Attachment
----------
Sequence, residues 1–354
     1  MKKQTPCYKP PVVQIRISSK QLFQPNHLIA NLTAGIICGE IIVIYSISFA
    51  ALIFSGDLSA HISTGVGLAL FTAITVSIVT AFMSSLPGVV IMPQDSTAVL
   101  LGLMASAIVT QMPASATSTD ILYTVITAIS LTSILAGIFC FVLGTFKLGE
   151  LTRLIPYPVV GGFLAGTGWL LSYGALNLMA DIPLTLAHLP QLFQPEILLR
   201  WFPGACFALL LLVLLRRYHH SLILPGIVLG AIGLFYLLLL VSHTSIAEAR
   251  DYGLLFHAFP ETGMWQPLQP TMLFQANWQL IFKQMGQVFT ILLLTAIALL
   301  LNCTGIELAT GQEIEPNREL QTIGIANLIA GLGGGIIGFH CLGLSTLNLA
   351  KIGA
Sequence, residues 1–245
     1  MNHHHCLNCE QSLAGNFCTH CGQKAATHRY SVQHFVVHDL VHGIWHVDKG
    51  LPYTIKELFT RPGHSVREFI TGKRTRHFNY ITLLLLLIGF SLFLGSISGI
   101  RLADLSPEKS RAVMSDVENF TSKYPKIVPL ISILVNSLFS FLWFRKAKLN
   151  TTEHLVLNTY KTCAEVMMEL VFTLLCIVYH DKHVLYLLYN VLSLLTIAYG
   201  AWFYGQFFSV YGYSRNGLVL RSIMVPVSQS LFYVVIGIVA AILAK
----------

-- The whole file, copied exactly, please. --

Sequence, residues 1–354
     1  MKKQTPCYKP PVVQIRISSK QLFQPNHLIA NLTAGIICGE IIVIYSISFA
    51  ALIFSGDLSA HISTGVGLAL FTAITVSIVT AFMSSLPGVV IMPQDSTAVL
   101  LGLMASAIVT QMPASATSTD ILYTVITAIS LTSILAGIFC FVLGTFKLGE
   151  LTRLIPYPVV GGFLAGTGWL LSYGALNLMA DIPLTLAHLP QLFQPEILLR
   201  WFPGACFALL LLVLLRRYHH SLILPGIVLG AIGLFYLLLL VSHTSIAEAR
   251  DYGLLFHAFP ETGMWQPLQP TMLFQANWQL IFKQMGQVFT ILLLTAIALL
   301  LNCTGIELAT GQEIEPNREL QTIGIANLIA GLGGGIIGFH CLGLSTLNLA
   351  KIGA
Sequence, residues 1–245
     1  MNHHHCLNCE QSLAGNFCTH CGQKAATHRY SVQHFVVHDL VHGIWHVDKG
    51  LPYTIKELFT RPGHSVREFI TGKRTRHFNY ITLLLLLIGF SLFLGSISGI
   101  RLADLSPEKS RAVMSDVENF TSKYPKIVPL ISILVNSLFS FLWFRKAKLN
   151  TTEHLVLNTY KTCAEVMMEL VFTLLCIVYH DKHVLYLLYN VLSLLTIAYG
   201  AWFYGQFFSV YGYSRNGLVL RSIMVPVSQS LFYVVIGIVA AILAK